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SQL Query to Demonstrate Deletion Anomaly in Referential Integrity in a Table

  • Last Updated : 29 Dec, 2021

In SQL, there exists a concept of referential integrity. This means that a foreign key can take reference from the primary key of another table. There exists basically 3 anomalies in this concept. Here, we discuss about Deletion Anomaly. This means that if an entry is present in the foreign key column of the target table, then that entry cannot be deleted from the primary key column of the base table. This is illustrated below. For this article, we will be using the Microsoft SQL Server as our database.

Step 1: Create a Database. For this use the below command to create a database named GeeksForGeeks.

Query:

CREATE DATABASE GeeksForGeeks

Output:

Step 2: Use the GeeksForGeeks database. For this use the below command.

Query:

USE GeeksForGeeks

Output:

Step 3: Create a table STUDENT_INFO inside the database GeeksForGeeks. This table has 3 columns namely ROLL_NO, STUDENT_NAME and BRANCH containing the roll number, name and branch of various students.

Query:

CREATE TABLE STUDENT_INFO(
ROLL_NO INT PRIMARY KEY,
STUDENT_NAME VARCHAR(10),
BRANCH VARCHAR(5)
);

Output:

Step 4: Describe the structure of the table STUDENT_INFO.

Query:

EXEC SP_COLUMNS STUDENT_INFO;

Output:

Step 5: Create a table STUDENT_MARKS inside the database GeeksForGeeks. This table has 3 columns namely ROLL_NO, SUBJECT and MARKS containing the roll number, subject and marks of various students. Here the ROLL_NO column acts as a foreign key referencing from the the STUDENT_INFO table’s ROLL_NO column, which is the primary key for the STUDENT_INFO table.

Query:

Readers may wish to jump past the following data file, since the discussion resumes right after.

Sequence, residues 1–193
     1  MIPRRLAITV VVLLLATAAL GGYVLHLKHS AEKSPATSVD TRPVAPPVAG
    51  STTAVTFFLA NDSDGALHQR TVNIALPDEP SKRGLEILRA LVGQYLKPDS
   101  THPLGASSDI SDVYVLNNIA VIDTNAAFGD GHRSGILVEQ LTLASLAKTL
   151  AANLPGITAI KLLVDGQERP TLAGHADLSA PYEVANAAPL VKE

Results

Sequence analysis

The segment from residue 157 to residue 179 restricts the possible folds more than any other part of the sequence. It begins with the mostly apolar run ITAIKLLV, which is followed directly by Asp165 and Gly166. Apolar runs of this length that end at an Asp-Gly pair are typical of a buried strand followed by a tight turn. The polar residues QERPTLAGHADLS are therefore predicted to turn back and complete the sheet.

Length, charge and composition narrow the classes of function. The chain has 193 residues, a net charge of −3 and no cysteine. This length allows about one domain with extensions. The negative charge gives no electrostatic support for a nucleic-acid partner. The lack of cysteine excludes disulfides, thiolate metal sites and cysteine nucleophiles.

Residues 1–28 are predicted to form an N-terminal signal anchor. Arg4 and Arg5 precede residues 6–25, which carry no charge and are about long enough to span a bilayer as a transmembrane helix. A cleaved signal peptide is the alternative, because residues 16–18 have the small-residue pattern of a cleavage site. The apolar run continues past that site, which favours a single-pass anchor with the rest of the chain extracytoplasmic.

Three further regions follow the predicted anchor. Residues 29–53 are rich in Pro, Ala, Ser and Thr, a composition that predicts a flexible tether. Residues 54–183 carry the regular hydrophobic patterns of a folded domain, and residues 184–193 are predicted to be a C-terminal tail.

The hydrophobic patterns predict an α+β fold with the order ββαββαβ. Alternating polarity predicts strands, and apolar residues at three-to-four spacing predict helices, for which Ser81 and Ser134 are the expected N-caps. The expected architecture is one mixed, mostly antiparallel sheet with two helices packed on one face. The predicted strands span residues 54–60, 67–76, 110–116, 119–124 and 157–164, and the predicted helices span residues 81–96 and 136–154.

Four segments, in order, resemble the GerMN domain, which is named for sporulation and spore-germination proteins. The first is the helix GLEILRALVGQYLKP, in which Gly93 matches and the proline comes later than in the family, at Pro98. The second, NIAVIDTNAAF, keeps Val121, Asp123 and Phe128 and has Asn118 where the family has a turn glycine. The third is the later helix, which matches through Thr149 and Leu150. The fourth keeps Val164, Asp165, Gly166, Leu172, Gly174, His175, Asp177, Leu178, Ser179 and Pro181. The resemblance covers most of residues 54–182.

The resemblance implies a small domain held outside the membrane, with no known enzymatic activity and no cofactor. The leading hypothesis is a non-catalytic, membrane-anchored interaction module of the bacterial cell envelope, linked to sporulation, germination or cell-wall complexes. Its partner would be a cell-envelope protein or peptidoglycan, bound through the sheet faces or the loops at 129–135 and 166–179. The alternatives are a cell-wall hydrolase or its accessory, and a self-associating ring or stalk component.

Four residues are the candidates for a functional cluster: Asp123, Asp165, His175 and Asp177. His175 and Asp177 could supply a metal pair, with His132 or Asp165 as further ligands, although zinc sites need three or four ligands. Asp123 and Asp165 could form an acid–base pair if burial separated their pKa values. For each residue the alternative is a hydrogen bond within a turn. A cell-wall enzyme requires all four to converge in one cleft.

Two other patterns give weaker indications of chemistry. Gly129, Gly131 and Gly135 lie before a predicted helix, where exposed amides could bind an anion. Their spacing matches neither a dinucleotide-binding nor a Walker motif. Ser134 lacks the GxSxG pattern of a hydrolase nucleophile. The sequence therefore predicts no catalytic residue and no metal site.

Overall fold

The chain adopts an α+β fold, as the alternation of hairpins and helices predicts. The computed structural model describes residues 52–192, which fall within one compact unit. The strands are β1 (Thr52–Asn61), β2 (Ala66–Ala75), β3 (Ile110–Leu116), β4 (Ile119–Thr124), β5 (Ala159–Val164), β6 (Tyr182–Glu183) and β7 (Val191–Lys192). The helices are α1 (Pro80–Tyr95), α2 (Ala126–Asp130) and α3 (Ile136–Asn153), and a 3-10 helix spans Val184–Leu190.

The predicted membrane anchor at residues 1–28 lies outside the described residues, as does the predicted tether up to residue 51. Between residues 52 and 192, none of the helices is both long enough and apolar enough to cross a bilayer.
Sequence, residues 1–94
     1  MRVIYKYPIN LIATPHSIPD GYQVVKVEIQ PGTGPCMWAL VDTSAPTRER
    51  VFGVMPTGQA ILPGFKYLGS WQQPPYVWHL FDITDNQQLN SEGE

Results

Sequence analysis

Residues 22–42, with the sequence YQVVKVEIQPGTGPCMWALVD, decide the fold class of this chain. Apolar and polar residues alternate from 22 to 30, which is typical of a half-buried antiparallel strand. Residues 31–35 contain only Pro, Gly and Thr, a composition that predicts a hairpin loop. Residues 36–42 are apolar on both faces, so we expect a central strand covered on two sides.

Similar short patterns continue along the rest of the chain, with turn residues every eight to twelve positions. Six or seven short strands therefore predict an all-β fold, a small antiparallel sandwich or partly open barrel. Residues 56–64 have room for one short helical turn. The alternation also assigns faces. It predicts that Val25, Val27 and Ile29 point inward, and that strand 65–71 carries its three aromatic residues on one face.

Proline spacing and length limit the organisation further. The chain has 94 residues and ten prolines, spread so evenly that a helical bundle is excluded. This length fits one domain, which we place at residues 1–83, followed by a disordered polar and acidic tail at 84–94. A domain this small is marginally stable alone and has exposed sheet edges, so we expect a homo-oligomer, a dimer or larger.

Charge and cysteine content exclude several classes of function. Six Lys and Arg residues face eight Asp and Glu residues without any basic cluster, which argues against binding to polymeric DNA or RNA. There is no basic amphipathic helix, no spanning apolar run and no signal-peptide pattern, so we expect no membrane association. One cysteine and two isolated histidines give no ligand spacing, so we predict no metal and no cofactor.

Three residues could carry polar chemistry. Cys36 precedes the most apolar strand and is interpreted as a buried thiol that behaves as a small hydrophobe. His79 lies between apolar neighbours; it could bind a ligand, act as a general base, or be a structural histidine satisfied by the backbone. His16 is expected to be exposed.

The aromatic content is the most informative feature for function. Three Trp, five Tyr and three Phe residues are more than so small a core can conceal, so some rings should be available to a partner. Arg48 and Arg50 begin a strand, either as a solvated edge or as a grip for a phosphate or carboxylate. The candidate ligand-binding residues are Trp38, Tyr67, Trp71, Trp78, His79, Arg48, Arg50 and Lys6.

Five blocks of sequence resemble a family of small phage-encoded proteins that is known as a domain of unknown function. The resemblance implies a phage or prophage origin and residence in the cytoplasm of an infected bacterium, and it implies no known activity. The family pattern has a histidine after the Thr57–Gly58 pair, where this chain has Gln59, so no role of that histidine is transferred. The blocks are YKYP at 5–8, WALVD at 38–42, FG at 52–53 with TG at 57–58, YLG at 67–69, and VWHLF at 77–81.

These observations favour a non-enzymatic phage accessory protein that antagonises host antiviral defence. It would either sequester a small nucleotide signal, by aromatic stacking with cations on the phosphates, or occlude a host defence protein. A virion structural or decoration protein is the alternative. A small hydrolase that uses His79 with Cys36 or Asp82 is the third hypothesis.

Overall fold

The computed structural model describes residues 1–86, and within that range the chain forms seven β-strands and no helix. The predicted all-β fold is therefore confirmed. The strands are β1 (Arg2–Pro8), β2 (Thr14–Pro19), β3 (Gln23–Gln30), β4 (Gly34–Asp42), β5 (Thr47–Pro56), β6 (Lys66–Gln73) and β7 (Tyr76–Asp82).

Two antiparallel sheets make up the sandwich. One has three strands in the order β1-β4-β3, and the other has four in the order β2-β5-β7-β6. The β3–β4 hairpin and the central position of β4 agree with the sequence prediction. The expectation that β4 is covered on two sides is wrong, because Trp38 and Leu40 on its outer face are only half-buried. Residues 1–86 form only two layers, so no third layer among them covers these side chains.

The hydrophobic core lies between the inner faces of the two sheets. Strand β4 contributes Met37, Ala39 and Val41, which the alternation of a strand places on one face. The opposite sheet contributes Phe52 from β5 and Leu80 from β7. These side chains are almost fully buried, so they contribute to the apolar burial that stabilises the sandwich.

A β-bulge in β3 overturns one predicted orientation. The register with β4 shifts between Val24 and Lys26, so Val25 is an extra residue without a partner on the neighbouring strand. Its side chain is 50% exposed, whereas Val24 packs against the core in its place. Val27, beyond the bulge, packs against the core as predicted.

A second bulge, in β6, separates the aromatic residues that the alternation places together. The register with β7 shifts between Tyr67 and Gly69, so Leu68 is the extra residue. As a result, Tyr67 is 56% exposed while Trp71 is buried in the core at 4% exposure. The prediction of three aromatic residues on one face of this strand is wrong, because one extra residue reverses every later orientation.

CREATE TABLE STUDENT_MARKS(
ROLL_NO INT REFERENCES STUDENT_INFO(ROLL_NO),
SUNJECT VARCHAR(10),
MARKS INT
);

Output:

Step 6: Describe the structure of the table STUDENT_MARKS.

Query:

EXEC SP_COLUMNS STUDENT_MARKS;

Output:

Step 7: Insert 3 rows into the STUDENT_INFO table.

Query:

INSERT INTO STUDENT_INFO VALUES(1,'JIM','CSE');
INSERT INTO STUDENT_INFO VALUES(2,'TIM','ELE');
INSERT INTO STUDENT_INFO VALUES(3,'PAM','ECE');

Output:

Step 8: Display all the rows of the STUDENT_INFO table.

Query:

SELECT * FROM STUDENT_INFO;

Output:

Step 9: Insert 2 rows into the STUDENT_MARKS table.

Query:

INSERT INTO STUDENT_MARKS VALUES(1,'CPP',98);
INSERT INTO STUDENT_MARKS VALUES(2,'DBMS',89);

Output:

Step 10: Display all the rows of the STUDENT_MARKS table.

Query:

SELECT * FROM STUDENT_MARKS;

Output:

Step 11: Delete 1 row from the STUDENT_INFO table where ROLL_NO is 3. The entry for the ROLL_NO column here i.e. 3 does not exist in the target table i.e. STUDENT_MARKS.

Query:

DELETE FROM STUDENT_INFO WHERE ROLL_NO=3;

Note: The deletion is successful as the deletion anomaly is not being violated since the roll number 3 is absent in the target table STUDENT_MARKS.

Output:

Step 12: Delete 1 row from the STUDENT_INFO table where ROLL_NO is 1. The entry for the ROLL_NO column here i.e. 1 exists in the target table i.e. STUDENT_MARKS.

Query:

DELETE FROM STUDENT_INFO WHERE ROLL_NO=1;

Note – The deletion is not successful and a referential integrity error is thrown as the deletion anomaly is being violated since roll number 1 is present in the target table STUDENT_MARKS.

Output:

Step 13: Delete 1 row from the STUDENT_MARKS table where ROLL_NO is 1.

Query:

DELETE FROM STUDENT_INFO WHERE ROLL_NO=1;

Output:

Step 14: Delete 1 row from the STUDENT_INFO table where ROLL_NO is 1. The entry for the ROLL_NO column here i.e. 1 does not exist in the target table i.e. STUDENT_MARKS.

Query:

DELETE FROM STUDENT_INFO WHERE ROLL_NO=1;

Note – The deletion is successful as the deletion anomaly is not being violated since the roll number 1 is absent in the target table STUDENT_MARKS.

Output:

Step 15: Display all the final rows of the STUDENT_INFO table.

Query:

SELECT * FROM STUDENT_INFO;

Output:

Step 16: Display all the final rows of the STUDENT_MARKS table.

Query:

SELECT * FROM STUDENT_MARKS;

Output:

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